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REPORT FROM THE COMMISSION TO THE EUROPEAN PARLIAMENT AND THE COUNCIL Quality of petrol and diesel fuel used for road transport in the European Union: Sixth annual report (Reporting year 2007)

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/* COM/2011/0113 final */ REPORT FROM THE COMMISSION TO THE EUROPEAN PARLIAMENT AND THE COUNCIL Quality of petrol and diesel fuel used for road transport in the European Union: Sixth annual report (Reporting year 2007)


[pic] | EUROPEAN COMMISSION |

Brussels, 11.3.2011

COM(2011) 113 final

REPORT FROM THE COMMISSION TO THE EUROPEAN PARLIAMENT AND THE COUNCIL

Quality of petrol and diesel fuel used for road transport in the European Union: Sixth annual report (Reporting year 2007)

REPORT FROM THE COMMIS SION TO THE EUROPEAN PARLIAMENT AND THE COUNCIL

Quality of petrol and diesel fuel used for road transport in the European Union: Sixth annual report (Reporting year 2007)

EXECUTIVE SUMMARY

Directive 98/70/EC[1] sets minimum specifications on health and environmental grounds for fuels to be used for vehicles equipped with positive-ignition and compression-ignition engines. Fuel quality is environmentally important because it affects engine pollutant emissions and thus air quality. It also affects the ease and cost with which desired pollutant and greenhouse emission limits can be achieved by manufacturers. Directive 2003/17/EC[2], amending Directive 98/70/EC, requires a further reduction of the sulphur content of petrol and diesel fuels.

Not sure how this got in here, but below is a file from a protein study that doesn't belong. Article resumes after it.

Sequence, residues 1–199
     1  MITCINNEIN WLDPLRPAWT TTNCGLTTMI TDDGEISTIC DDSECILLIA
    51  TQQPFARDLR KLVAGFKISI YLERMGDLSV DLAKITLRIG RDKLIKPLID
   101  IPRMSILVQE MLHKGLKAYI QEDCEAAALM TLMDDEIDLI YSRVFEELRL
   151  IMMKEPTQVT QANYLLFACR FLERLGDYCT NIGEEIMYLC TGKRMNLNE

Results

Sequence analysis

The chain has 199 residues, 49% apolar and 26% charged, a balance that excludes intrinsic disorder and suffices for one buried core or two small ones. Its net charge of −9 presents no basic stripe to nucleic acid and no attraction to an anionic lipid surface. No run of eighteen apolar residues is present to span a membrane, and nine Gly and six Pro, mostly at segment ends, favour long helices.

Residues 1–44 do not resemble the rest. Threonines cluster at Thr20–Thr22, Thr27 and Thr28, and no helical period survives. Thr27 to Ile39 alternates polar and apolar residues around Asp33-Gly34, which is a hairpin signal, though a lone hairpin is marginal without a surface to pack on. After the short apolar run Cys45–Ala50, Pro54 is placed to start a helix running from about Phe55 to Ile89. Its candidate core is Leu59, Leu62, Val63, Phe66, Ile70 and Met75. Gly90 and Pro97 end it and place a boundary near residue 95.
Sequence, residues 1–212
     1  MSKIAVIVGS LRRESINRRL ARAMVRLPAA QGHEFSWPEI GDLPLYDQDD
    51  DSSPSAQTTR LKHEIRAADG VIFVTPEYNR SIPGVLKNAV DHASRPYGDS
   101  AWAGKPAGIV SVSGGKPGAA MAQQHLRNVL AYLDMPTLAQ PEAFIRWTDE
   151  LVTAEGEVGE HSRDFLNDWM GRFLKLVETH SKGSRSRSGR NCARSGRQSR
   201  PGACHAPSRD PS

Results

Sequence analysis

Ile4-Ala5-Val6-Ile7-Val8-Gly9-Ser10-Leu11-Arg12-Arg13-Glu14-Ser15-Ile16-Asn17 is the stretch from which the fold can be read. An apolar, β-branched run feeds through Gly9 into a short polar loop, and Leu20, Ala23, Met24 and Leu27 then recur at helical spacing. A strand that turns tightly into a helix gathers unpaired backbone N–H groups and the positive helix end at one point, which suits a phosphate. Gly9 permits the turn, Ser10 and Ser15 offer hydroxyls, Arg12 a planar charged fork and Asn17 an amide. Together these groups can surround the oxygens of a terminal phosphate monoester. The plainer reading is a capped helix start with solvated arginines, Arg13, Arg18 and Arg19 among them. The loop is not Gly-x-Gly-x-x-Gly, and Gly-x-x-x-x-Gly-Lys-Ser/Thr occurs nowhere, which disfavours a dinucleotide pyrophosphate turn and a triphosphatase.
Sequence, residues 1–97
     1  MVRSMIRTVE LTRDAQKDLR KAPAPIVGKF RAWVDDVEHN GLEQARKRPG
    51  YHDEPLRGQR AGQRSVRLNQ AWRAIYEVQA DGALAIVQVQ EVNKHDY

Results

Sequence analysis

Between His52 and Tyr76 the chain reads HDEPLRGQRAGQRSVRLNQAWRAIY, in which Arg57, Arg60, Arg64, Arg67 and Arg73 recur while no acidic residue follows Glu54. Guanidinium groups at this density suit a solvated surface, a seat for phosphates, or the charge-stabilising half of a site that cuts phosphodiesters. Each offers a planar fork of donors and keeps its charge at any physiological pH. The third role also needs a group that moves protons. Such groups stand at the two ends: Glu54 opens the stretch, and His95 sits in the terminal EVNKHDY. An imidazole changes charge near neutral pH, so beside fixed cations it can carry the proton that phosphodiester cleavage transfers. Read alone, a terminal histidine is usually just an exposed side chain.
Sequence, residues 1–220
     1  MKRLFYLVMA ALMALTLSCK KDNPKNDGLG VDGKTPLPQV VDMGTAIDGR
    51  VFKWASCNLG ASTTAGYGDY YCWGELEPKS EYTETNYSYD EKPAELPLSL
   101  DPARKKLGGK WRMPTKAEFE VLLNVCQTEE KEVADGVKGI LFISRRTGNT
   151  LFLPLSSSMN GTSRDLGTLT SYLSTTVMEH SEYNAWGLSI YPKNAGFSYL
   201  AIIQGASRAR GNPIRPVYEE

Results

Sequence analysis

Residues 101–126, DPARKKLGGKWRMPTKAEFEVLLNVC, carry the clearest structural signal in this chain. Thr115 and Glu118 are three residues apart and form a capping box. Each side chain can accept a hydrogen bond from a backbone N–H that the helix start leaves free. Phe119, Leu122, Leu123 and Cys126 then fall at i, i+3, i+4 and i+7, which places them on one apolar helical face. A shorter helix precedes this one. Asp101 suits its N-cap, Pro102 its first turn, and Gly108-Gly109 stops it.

Non-respect of the fuel specification can lead to increased emissions (for example excess oxygenates can increase NOx emissions) and might damage engine and exhaust after-treatment systems (for example excess sulphur damaging catalysts) leading to higher air pollutant emissions. In order to ensure compliance with the fuel quality standards mandatory under this Directive, Member States are required to introduce fuel quality monitoring systems.

Article 8 of Directive 98/70/EC requires the Commission to publish annually a report on fuel quality in the Member States. This sixth Commission Report summarises Member States’ submissions on the quality of petrol and diesel, as well as the volumes sold, for the year 2007. All Member States except Luxembourg submitted national reports for 2007.

The quality of Member States' monitoring system design, level of compliance with limit values, and information provided in report submissions is still improving. The Commission will continue monitoring compliance with the requirements laid down in the Directive and propose appropriate and proportionate action where necessary.

As noted in 2006, although sulphur-free fuels[3] are accounting for an increasingly significant proportion of fuel grades and sales across Member States, they are still not always labelled at the pump. There are still also significant problems in timely delivery of reports from some Member States. In fact the situation has worsened for these very late reports compared to last year. Ireland, Italy and the Netherlands submitted reports more than 3 months late; and the UK and Malta submitted reports more than 7 months late. Luxembourg did not submit a report in 2007.